The Green Miles moved to Falls Church last summer and has been pleasantly surprised at the well-kept secret that is downtown Falls Church. Between Mad Fox Brewery, the State Theater, and live music on the patio at Clare & Don's Beach Shack … please, DC residents, keep telling yourselves it’s just a sleepy suburb.
But when you arrive in a new place, sometimes you find local customs that can seem odd. Here in Falls Church, it's that local elections are not in November, but in May. Turnout for general elections in November is typically about double that of May elections, and particularly in presidential years when Virginia voters are asked to go to the polls up to 4 times, multiple election dates only fuel voting fatigue. On top of that, the extra election adds $18,000 in electoral administration costs. Fortunately, there's a referendum on the November 8th ballot that would move Falls Church’s elections for city council and school board to November starting in 2013. The Falls Church City Democratic Committee has voted unanimously to endorse the move to November.
What’s the argument for keeping the elections in May? The best case I’ve heard is that the City Council sets the annual budget in April, so May elections give voters the chance for instant feedback. Personally, I don't think there's anything wrong with voters giving that same feedback in November, but I understand the argument. As Mayor Robin Gardner told the Washington Post in 2009, “I find it troubling that some people believe our citizens aren’t going to remember how people handled the budget situation six months later.”
But there's an undemocratic undertone to some other arguments against moving the elections to November. The Falls Church League of Women Voters has compiled a list of pros & cons of May & November elections (though oddly, November gets only 3 bullets to make its case while May gets 5). Let's take a closer look at a few arguments against moving the elections to November:
- "Voters who don’t pay attention to local issues decide close City races." Since when is the goal of election dates to manipulate the composition of the electorate-especially in a deliberate, undemocratic attempt to drive down turnout? Falls Church has a history of longtime homeowners battling newer residents and this makes the May election date sound like a way to keep power in the hands of a select group. Considering how often we hear pundits bemoaning low voter turnout, it’s bizarre that May elections supporters would present a smaller electorate as a feature, not a bug.
- "Longer, more complex ballot." You know how many competitive races for elected office there are on my ballot in Falls Church this November? Zero. Del. Jim Scott & Commonwealth’s Attorney candidate Theo Stamos are unopposed, and State Sen. Dick Saslaw faces only token opposition. And even if there were a number of competitive races, residents of the Washington, DC region are some of the most (over?)educated people in the world. Two more choices to make on the November ballot are going to make their heads explode?
- "Elections more partisan." Falls Church cherishes its nonpartisan elections and groups like Citizens for a Better City continue to work to find nonpartisan solutions to city problems. But if today’s voters don’t share the anti-partisan passion of previous generations and want to use political affiliation to help inform their decisions, should the law be used as a tool to stop them? This is another attempt to use election dates to manipulate election results.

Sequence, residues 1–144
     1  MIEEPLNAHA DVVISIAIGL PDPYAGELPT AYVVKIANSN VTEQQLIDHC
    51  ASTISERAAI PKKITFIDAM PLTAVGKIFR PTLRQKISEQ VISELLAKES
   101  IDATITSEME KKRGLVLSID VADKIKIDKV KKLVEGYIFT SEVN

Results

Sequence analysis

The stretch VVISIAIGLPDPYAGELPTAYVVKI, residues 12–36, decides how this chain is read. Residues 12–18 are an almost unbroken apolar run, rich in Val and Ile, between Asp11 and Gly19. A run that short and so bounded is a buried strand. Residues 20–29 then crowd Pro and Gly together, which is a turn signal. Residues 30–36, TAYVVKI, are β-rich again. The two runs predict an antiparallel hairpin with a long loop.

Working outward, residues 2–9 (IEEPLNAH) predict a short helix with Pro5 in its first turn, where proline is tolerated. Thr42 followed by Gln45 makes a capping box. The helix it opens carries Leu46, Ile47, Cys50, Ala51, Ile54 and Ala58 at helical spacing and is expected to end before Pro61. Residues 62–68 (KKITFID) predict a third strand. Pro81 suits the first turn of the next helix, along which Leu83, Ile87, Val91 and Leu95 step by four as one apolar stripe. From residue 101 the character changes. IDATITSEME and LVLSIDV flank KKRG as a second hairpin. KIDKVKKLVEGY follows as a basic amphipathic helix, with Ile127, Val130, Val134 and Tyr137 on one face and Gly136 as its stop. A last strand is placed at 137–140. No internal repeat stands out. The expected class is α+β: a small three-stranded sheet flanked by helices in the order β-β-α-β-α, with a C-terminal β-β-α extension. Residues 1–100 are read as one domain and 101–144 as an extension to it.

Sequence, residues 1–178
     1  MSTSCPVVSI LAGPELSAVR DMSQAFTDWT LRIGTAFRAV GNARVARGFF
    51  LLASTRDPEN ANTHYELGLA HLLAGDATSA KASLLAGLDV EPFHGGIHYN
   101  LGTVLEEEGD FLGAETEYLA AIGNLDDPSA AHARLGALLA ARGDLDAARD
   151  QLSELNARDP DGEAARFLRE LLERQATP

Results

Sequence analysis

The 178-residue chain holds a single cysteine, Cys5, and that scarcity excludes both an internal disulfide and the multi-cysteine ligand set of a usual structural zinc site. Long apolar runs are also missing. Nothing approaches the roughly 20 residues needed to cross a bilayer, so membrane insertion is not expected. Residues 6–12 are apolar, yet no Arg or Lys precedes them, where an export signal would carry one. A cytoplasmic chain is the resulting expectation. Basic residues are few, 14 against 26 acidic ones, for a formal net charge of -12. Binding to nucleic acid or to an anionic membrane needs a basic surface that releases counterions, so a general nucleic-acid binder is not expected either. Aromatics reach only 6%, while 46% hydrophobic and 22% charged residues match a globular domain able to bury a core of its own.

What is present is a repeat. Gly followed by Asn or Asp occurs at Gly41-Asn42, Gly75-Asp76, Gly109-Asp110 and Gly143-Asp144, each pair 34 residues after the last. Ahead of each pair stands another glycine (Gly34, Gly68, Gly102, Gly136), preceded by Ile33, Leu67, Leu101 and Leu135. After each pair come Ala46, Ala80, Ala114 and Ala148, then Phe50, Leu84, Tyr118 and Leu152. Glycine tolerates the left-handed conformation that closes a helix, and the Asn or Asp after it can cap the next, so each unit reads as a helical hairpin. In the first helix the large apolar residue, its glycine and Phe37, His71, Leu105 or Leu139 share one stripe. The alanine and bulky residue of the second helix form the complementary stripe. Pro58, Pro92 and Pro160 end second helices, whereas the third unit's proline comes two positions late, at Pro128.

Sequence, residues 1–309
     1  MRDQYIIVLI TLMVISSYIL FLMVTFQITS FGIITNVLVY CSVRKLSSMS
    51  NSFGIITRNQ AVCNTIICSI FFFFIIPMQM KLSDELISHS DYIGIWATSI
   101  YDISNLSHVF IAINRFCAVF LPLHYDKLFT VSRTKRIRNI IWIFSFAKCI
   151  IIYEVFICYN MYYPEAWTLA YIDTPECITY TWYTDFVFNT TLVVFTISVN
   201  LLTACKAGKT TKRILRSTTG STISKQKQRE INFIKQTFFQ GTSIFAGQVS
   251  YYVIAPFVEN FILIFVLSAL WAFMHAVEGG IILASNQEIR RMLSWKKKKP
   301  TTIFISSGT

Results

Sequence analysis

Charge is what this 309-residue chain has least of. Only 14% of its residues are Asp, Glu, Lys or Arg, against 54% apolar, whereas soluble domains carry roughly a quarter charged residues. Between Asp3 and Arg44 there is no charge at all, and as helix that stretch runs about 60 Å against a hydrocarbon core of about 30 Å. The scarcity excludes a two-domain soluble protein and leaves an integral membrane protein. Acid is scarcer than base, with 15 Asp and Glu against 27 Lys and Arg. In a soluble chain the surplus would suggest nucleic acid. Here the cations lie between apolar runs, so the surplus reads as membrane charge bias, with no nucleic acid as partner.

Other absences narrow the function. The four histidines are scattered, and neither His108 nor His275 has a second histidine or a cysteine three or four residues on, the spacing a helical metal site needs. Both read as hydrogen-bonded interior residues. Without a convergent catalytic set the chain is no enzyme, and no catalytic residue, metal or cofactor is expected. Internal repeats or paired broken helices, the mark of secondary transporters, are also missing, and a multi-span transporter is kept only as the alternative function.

I’ve also heard some grumbling that the referendum text is unnecessarily long and could confuse voters. Judge for yourself via the Falls Church League of Women Voters:
Should the City of Falls Church amend Section 3.01 of its Charter to hold elections of members of City Council in the month of November rather than the month of May by deleting the current Section 3.01 in its entirety and replacing it with the following language:
Sec. 3.01 Election of councilmembers
In the regular municipal election to be held on the first Tuesday in November, 2013, and every four (4) years thereafter, four (4) councilmembers shall be elected for terms of four (4) years each, such terms of office to begin on the first day of January, 2014, and end on the last day of December, 2017; succeeding terms shall begin on the first day of January following the year of election and end on the last day of December, four (4) years thereafter. In the regular municipal election to be held on the first Tuesday in November, 2015, and every four (4) years thereafter, three (3) councilmembers shall be elected for terms of four (4) years each, such terms of office to begin on the first day of January, 2016, and end on the last day of December, 2019; succeeding terms shall begin on the first day of January following the year of election and end on the last day of December four (4) years thereafter. Councilmembers serving on council who were elected in May, 2010, and those members elected in May, 2012, shall have their term of office shortened by six months but shall continue in office until their successors have been elected at the November general election and have been qualified to serve.
Yes ___ No ___
What do you think? Vote & comment below.